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Oskaloosa sewer project finish date pushed back to spring

by Dennis Sharkey

The Oskaloosa city-wide sewer project was scheduled to be completed next month but has been extended to February.

The project began in 2009 and was scheduled to be substantially completed by Dec. 3. However, 34 days of down time in December 2009 and January of this year pushed work back. Additionally other unforeseen work has been completed that took working days away from the project.

KC Construction now has until Feb. 25 to complete the project but that date could be pushed back if bad weather keeps crews from working this winter. KC Construction owner Dave Brewer requested that the project deadline be extended to March 31 in anticipation of work being halted again by bad weather. However, some on the council pushed back on delaying the deadline any further for different reasons.

Mayor Mike Boyd took a hard stance against any further extensions and told Brewer that if his crews were behind they should have worked overtime. Boyd took exception to crews working four-day work weeks that included 10-hour days.

“There were a lot of Fridays and Saturdays that weren’t worked,” Boyd said. “Now we’re waiting pretty much until the end of the project to say ‘Oh wait a second, we’re behind, we need 54 more calendar days to catch up.’

“There’s seven days in a week. You can work all seven days to get the contract done,” Boyd added. “I don’t believe in people working seven days a week but to me a calendar is seven days.”

Brewer said crews have been averaging six hours of overtime each week but not much more could be added otherwise employee overtime would go over budget.

“We could work every Saturday but then we wouldn’t have made any money,” Brewer said.

Boyd responded by telling Brewer that he cannot see it from his perspective and that he should weigh fines against overtime cost.

“I didn’t bid the project,” Boyd responded. “It’s not my problem to get the job in the allotted calendar days. That’s your guys’ deal. You bid the project to be done at a certain time.”

Councilman Mike Paavola told Boyd that he has operated a construction business for several years and that what Brewer was requesting was not unreasonable.

“I’ve been in his shoes a lot of years,” Paavola said. “If you ask somebody ‘The weather is bad do not work today.’ You’ve got to give that time back. That’s basically all he’s asking for.”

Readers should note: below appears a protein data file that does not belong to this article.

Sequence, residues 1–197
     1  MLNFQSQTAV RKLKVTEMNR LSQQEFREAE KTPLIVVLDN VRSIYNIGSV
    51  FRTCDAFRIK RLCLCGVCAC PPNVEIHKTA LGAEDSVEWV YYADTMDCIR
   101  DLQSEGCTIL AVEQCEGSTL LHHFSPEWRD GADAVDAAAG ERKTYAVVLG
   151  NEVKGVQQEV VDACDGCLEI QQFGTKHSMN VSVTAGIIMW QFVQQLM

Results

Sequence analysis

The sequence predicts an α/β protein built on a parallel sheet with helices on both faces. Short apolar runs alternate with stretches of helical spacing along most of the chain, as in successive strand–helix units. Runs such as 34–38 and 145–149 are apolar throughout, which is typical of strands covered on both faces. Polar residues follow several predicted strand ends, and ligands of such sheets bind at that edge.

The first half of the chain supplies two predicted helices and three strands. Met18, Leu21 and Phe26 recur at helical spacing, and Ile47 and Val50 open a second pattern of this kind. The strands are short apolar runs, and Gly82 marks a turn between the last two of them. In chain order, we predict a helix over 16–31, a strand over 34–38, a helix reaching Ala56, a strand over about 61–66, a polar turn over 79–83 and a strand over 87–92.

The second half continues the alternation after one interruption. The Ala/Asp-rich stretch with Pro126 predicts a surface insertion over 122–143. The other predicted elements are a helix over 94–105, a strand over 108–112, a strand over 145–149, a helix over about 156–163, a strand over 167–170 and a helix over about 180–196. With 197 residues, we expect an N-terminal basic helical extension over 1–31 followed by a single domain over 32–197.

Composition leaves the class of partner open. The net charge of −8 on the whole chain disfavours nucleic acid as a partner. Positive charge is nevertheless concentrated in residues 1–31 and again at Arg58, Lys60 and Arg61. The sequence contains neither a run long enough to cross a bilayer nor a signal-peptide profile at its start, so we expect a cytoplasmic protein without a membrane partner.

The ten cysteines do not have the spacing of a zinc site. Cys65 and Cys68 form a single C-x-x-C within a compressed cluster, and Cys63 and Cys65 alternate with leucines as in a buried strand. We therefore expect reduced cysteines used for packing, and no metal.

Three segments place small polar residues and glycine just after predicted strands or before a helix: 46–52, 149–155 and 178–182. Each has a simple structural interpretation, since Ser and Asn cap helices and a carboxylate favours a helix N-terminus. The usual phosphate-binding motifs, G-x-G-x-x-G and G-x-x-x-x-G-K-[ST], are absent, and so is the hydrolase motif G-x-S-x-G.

Boyd then said he was in favor of adding in the extra days for down time and extra work that was completed, which drew confusion from Brewer. Brewer asked if he agreed, then why was he objecting to the extension?

“I guess my problem is you’ve been a contractor in the state of Kansas for so many years and you know in December and January that you’re going to have demobilization days,” Boyd said. “That should have already been added into your contract.”

Councilman Allen Wise said he agreed with Paavola, however, he was not in favor of extending the deadline past Feb. 25 until the project reached that point.

“I think we should play catch up to what we know,” Wise said. “Once we get past last year then we’ll know differently. Let’s revisit this when that time comes and then we’re not guessing any more than what we have to.”

Brewer also made the case that sometimes the project can take longer dealing with unforeseen issues such as a collapsed pipe that was discovered recently. The issue took extra days to rectify before construction crews could move forward.

Project engineer Brian Kingsley also sided with Brewer saying that variables can change through the course of the project.

“We told you in the beginning that there are deficiencies that manifested between three or four years ago and now,” Kingsley said. “You’re going to find things like what he’s talking about.”

In other actions:

  • The council also approved a change order to put back $14,400 into the project that was removed for rock excavation. Crews did not remove rock but rather spent nearly two weeks additional time hauling in clay to backfill an area filled with silt. Construction Manager Ryan Kelley said in hindsight a geo test should have been conducted prior to bidding the job. He said the city actually saved money because the project would have been bid higher if crews had known.
  • The council also approved a bill to engineers for $11,653.
  • The council approved a new gas franchise agreement. The new agreement is essentially the same as the current agreement that expires in January. The agreement is for 20 years.

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Posted by on Nov 18 2010. Filed under Government, Municipalities, Oskaloosa. You can follow any responses to this entry through the RSS 2.0. Both comments and pings are currently closed.

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